Insight Article  |
Autoimmunity & Immunology

Insights in Autoimmunity and Immunotherapy

By Tom Cohen |
30 March 2022
Experts discuss elusively successful therapies and the rising costs that come with new technologies.

The expert panel at Oxford Global’s 2021 Immuno UK conference gathered to discuss the key features and challenges integral to treating autoimmune diseases. The panel hosted senior representatives from large pharma and biotech companies. There they discussed the challenges with incorporating new technologies into viable therapeutics in their industry.

Hyperbaric Chambers: Scientific Opportunity or Alternative Medicine?

Paul Eggleton, Senior Director of Immunology at Revolo Biotherapeutics kicked off the discussion by recounting a curious and clinically fascinating phenomenon that he had encountered in his experience of treating autoimmune diseases. He explained that there were around 70 hyperbaric decompression chambers in the UK, which have been shown to be effective in the treatment of multiple sclerosis although scientists seem to not understand why.

Amazingly, Eggleton recounted conversations he had with progressive MS patients, one of which had been told that they had six months to live over 30 years ago. These patients often begin using these chambers as a clinical last resort, but still have the support of consulting neurologists and physicians who are desperate to try anything that might help them.

This is all despite the fact that hyperbaric oxygen therapy (HBO) has had very little scientific study conducted into it. And that, as Eggleton notes, “the pharmaceutical industry won’t touch it because the drug—and it is a very potent drug—is called oxygen.”

Although you cannot patent the oxygen we breathe, Eggleton hinted at the possibility of discovering the biological mechanisms that make HBO work and developing it into a pharmaceutical. “If we could bottle up what these people are doing, what are they turning on and off genetically on the protein level, in the microvasculature of the brain?”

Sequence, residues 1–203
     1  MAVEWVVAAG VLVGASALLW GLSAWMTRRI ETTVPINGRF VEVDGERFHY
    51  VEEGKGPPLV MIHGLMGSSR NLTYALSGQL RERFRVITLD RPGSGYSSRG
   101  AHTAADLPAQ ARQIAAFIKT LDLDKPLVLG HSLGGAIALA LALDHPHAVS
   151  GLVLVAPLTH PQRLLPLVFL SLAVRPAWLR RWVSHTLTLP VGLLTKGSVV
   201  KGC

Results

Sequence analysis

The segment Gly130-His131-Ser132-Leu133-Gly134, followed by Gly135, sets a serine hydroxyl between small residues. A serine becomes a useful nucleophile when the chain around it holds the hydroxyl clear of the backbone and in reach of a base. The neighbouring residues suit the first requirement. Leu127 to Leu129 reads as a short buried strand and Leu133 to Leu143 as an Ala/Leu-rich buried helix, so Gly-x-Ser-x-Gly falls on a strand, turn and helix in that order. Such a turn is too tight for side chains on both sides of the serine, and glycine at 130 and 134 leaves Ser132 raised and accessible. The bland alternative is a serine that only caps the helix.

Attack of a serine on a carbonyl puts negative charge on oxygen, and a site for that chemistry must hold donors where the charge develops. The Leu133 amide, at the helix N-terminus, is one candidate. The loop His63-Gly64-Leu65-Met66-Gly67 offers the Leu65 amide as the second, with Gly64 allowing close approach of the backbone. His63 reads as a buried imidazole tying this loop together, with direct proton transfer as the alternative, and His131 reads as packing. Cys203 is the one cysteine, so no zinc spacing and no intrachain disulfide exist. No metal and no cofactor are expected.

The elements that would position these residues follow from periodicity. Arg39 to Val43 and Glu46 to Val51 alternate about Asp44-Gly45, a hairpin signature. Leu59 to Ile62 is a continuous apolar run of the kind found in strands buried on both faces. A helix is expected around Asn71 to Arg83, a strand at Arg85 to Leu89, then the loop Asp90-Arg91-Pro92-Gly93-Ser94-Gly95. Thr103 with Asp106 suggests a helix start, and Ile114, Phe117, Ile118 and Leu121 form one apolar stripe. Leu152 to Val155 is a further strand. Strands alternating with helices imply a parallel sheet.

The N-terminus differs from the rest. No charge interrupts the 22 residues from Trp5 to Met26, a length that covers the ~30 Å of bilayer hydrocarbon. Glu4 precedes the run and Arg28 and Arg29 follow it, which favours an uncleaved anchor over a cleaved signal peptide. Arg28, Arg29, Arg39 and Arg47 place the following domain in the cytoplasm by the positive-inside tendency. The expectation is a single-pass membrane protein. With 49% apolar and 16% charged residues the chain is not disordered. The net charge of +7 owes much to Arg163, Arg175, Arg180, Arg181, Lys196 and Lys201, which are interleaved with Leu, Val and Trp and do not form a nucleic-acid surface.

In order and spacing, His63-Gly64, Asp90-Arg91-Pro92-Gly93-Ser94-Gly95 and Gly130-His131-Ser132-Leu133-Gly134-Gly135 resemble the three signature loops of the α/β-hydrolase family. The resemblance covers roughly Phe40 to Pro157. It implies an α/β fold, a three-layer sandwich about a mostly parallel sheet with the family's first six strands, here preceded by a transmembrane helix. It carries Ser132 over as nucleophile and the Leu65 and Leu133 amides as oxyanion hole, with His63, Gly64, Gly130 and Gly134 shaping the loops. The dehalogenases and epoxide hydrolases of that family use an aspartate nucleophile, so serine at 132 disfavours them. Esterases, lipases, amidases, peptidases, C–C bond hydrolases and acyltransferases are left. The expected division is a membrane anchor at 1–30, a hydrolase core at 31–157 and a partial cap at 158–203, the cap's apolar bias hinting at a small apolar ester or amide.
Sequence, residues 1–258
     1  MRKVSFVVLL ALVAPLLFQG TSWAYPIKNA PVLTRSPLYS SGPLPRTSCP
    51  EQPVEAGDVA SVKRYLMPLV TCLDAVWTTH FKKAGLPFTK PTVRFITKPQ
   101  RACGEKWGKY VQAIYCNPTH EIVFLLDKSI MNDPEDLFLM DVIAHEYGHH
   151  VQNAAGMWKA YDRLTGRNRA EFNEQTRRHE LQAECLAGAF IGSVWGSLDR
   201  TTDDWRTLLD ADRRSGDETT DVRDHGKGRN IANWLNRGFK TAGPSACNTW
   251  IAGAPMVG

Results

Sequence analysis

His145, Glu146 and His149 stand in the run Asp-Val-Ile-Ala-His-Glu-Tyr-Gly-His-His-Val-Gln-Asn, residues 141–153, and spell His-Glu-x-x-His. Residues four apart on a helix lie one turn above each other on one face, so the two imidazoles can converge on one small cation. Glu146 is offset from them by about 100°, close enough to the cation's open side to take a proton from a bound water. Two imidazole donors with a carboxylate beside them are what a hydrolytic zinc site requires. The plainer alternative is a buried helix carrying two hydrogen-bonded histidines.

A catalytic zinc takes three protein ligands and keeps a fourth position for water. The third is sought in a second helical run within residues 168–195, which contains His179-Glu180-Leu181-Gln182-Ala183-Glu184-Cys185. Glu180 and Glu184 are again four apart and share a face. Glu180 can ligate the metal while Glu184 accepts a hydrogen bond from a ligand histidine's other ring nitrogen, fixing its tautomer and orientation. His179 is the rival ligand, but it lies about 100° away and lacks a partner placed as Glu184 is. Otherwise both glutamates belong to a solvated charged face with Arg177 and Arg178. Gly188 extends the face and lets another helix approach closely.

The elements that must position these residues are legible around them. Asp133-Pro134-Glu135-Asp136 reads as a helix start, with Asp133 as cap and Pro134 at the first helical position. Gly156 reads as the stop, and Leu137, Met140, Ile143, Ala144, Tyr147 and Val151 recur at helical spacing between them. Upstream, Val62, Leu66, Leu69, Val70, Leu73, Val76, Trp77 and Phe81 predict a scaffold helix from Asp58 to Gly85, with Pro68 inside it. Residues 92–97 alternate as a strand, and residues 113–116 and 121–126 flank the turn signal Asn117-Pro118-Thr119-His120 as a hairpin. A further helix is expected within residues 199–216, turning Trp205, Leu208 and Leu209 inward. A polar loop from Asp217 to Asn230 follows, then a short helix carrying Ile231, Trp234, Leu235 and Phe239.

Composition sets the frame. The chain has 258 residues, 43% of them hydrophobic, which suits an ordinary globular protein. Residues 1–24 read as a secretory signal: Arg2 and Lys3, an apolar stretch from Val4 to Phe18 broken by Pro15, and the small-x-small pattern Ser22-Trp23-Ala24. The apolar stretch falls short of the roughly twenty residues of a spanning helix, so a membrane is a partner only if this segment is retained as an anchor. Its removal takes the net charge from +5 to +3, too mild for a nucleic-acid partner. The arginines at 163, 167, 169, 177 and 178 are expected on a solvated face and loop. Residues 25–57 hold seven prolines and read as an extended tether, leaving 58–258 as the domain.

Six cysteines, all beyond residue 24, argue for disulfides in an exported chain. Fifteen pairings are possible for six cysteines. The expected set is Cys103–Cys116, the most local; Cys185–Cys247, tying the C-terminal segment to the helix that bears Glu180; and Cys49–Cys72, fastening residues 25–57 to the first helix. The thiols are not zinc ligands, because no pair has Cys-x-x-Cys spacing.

Eggleton said that his research is only starting to scratch the surface of this but remains optimistic about studying the effects of hypoxia and hyperoxia on gene regulation. He believes that neurodegenerative diseases may be one of the “final challenges of medicine” and looks forward to furthering funding and research in the field.

The Curses and Blessings of New Technologies

New technology often brings with it foundational and existential questions for an industry like pharmaceuticals. Although the latest tech provides the exciting glossy exterior for the development of new products, our panellists were sceptical about what they saw as an overemphasis on sensational approaches.

One audience member pointed out that the shift toward personalised medicines could get worryingly expensive to patients, causing them to wonder whether this shift would be sustainable in the long term. Our panel leader commented that she “agrees fully” with this point but injected some thoughtful optimism.

One senior representative from a large pharma company believed that other technologies could potentially “level the playing field” to make the coming waves of development more sustainable. Offering the example of artificial intelligence in this regard: “[AI could] help in the analysis of all this data. I don’t think any one of us can comprehend and analyse the immune system in a way that an AI potentially could do in the next ten years.”

But the question of cost is still a critical one. Eggleton acknowledged that “pharmaceutical companies will spend 2 billion making a biologic, making it safe, and making it very effective, but only for a small cohort people whose nations can afford to pay for it.”

Another representative agreed, adding that although competition has the potential to drive down prices, “there are lots of barriers in markets—and it’s not a normal marketplace, so normal rules do not necessarily apply.”

“If we’re proposing to use ever more complicated, sophisticated, and expensive technologies to understand the immune system, will they eventually lead to increased drug prices?”

It seems that the big advancements in the field of immunotherapy are also bringing with them big questions about where the industry may go from here. Our panellists are excited about where the sails of progress may take them but are wary of the cliff-faces that surround the industry’s borders.

To see what’s around the corner in this dynamic field, you can see the experts in person at our next Immuno UK conference.

Why not also join our discussion group titled “Treating Autoimmune Diseases: Past, Present, and Future”? The discussion is set to take place on Monday 4 April, 15:00 (BST) and will be led by Paul Eggleton, Senior Director of Immunology at Revolo Biotherapeutics.

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